|For information only - not an official document.|
|Press Release No: UNIS/WOM/487|
|Release Date: 19 June 2000|
|Women's Anti-Discrimination Committee Continues
Consideration of Lithuania's Reports
NEW YORK, 16 June (UN Headquarters) -- The Committee on the Elimination of Discrimination against Women, the only United Nations human rights treaty body that deals exclusively with women’s rights, met this afternoon to continue its consideration of the initial and second periodic reports of Lithuania’s compliance with the Convention on the Elimination of All Forms of Discrimination against Women.
Countries that have ratified or acceded to the convention are committed to submit national reports after becoming a State party on measures they have taken to comply with their treaty obligations. In addition to reviewing reports and evaluating progress made, the Committee formulates general recommendations to the States parties on eliminating discrimination against women.
At its morning session, the Committee heard the introduction of Lithuania’s first and second periodic reports, and experts commented on that country’s efforts to implement various articles of the Convention (document CEDAW/C/LTU/1 and 2; for background see Press Release WOM/1220).
This afternoon, the discussion opened with consideration of article 12 of the Convention, on health care.
One expert said that the report indicated that women were taken care of in regard to mother-child health care. At the same time, the report did not provide information on the mental health of women. The report mentioned the feminization of poverty. Did women suffer psychological disorders as a result of that? The report also did not include information on drug and alcohol abuse. Were there programmes to address drug and alcohol abuse? It was important that statistical data on the health of the population be disaggragated by sex. According to the World Health Organization (WHO), Lithuania expended 5 per cent of its gross domestic product on health. Was Lithuania considering an increase in the percentage of gross domestic product?
Although the report indicated that women lived longer than men, men at age 60 were actually expected to live longer than women, the expert continued. Women often suffered from chronic illnesses, including cancer, osteoporosis and heart disease. Women might live longer, but they were not necessarily healthier than men. What attention was being paid to the life cycle needs of women?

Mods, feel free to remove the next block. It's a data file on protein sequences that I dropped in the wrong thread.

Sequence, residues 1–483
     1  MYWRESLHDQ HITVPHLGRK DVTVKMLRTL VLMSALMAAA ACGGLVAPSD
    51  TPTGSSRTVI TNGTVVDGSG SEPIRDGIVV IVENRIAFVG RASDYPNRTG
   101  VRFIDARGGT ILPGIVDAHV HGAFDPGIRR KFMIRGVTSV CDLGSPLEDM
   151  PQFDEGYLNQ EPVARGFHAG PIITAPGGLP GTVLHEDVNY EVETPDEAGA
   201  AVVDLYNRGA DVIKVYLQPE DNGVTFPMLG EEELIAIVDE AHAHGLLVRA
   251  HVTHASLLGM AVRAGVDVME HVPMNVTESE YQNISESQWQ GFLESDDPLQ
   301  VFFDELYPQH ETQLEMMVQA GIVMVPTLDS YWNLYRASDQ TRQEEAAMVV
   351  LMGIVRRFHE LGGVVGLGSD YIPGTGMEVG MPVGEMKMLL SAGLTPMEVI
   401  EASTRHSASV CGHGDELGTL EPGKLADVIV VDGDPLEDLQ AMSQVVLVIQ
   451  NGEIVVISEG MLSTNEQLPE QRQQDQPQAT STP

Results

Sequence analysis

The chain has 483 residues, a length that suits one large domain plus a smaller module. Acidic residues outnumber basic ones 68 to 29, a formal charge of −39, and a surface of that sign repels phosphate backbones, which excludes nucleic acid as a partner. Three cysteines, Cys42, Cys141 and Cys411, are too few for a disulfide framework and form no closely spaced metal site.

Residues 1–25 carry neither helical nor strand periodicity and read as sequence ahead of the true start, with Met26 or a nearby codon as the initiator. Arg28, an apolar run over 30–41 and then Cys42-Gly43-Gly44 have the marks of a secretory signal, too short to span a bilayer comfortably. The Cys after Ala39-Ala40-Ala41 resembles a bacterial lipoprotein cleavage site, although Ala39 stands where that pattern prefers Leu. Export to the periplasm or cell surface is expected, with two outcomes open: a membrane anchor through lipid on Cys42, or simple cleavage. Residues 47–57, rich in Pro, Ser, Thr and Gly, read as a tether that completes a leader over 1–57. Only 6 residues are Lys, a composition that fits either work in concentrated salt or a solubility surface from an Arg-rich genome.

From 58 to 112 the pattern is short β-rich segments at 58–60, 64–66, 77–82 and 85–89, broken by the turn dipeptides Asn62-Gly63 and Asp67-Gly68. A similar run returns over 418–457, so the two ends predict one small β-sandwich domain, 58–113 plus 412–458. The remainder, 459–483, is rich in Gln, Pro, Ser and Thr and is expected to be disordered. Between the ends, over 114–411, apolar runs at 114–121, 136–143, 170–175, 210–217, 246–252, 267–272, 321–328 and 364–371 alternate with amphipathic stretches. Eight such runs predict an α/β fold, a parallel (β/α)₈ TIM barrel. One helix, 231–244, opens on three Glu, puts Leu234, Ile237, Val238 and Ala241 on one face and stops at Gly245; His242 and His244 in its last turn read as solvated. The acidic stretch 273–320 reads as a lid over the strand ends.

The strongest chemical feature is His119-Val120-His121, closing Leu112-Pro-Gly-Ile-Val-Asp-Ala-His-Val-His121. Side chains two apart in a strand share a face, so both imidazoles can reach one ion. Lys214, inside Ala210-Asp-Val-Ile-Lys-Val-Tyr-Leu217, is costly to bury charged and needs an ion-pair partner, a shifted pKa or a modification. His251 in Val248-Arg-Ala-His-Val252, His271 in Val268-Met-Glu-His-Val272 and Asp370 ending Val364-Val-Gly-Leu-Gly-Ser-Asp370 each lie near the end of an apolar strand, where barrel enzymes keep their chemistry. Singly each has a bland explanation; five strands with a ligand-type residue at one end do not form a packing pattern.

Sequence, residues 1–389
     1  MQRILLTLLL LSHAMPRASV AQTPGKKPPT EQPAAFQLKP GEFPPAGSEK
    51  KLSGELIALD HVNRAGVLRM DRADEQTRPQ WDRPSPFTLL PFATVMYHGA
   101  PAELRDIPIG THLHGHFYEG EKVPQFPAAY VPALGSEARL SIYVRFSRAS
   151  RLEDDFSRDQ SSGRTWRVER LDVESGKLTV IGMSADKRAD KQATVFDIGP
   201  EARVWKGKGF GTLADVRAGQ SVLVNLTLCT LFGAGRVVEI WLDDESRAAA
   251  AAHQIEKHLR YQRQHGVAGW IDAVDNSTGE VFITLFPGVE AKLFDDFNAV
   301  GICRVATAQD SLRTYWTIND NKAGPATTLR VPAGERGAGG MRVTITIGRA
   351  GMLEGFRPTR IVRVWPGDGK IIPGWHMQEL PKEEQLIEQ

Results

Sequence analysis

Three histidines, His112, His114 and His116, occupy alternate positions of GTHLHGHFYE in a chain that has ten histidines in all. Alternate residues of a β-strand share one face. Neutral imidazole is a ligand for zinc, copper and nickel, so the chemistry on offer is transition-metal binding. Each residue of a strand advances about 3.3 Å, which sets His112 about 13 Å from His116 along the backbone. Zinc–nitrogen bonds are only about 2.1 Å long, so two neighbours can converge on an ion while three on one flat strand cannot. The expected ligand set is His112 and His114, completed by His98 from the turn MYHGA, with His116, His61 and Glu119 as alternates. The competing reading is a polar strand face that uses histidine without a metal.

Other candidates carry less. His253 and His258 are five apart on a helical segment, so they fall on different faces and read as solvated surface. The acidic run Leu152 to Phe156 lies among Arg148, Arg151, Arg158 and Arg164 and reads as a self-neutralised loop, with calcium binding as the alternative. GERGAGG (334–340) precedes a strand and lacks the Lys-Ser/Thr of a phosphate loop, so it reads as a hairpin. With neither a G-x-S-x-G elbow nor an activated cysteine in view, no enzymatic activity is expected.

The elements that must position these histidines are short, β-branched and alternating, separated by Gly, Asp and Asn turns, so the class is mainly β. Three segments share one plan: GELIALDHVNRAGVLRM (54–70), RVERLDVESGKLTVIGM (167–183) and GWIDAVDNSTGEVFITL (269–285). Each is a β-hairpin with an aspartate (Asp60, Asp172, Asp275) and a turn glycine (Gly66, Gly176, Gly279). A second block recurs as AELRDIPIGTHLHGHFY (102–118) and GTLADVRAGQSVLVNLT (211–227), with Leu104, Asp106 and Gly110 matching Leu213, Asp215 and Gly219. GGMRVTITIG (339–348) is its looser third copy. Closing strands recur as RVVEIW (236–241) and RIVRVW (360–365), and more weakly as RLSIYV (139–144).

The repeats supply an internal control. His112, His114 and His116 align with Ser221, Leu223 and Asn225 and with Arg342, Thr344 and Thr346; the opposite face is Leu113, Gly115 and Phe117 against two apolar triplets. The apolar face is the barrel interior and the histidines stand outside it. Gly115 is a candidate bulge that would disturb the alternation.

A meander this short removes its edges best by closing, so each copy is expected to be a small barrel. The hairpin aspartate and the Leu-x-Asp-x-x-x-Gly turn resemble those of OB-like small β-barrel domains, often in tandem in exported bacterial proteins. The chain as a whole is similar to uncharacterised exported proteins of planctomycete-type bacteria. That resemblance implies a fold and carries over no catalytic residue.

On reproductive and sexual health, the expert said that there seemed to be a slight decrease in the abortion rate. Was that a continuing trend? Did the law on health insurance on free dispensation of medicine cover contraceptives? If contraception were covered, it would be an effective measure to reduce abortion rates. Also, the report did not indicate what had happened to the family planning programme after 1998? Did the programme cease? The report noted a significant increase in the number of HIV/AIDS cases. As young women were more vulnerable than young men, proactive measures were needed in that area.
The Chairperson, Aida Gonzalez-Martinez (Mexico), commenting as an expert, said that better understanding of the impact of tobacco and alcohol on women was needed. Did Lithuania have information on the use of tobacco, alcohol and psychotropic drugs? On the matter of sexual reproductive health, her concern was that abortion seemed to be used as a family planning method. In no circumstance could abortion be used as a tool of family planning. It was advisable to review the contents of Lithuania’s family planning programme. While there had been a decrease in the overall rate of abortion between 1994 and 1998, the percentage was still a matter for concern. What was the strategy for family planning programmes? Was it still in force and what was the system for the appraisal of its results?
Another expert said that the report did not contain information on measures to address occupational health hazards. Since many women in Lithuania worked in the industrial sector, information on occupational health was necessary. On maternity leave benefits, to what extent did men use the parental leave provisions? Clarification was also needed on the policy behind the approach to maternity benefits. It was important to understand the interface between laws and policies on maternity leaves and the benefits needed. Were there any policies on breastfeeding?
Turning to article 14, which addresses the situation of rural women, another expert said that Lithuania’s report appeared to show that the economic importance of the rural sector had decreased in recent years. How had that decrease affected rural women? She was also concerned about the recent privatization of farms. There had been reports that new farmers often did not have access to machinery. She wondered how many women had become owners. Moreover, what were the conditions of rural girls and elderly women? Were programmes in place to address their health care needs? The political life of rural women was also a concern. Another expert wondered if there were plans in the Government to address the social security concerns of rural women.
The Committee is expected to hear Lithuania’s replies to its comments and queries at 10 a.m. Thursday, 22 June. Cuba’s periodic country report will be introduced to the Committee at its next formal meeting on Monday, 19 June.
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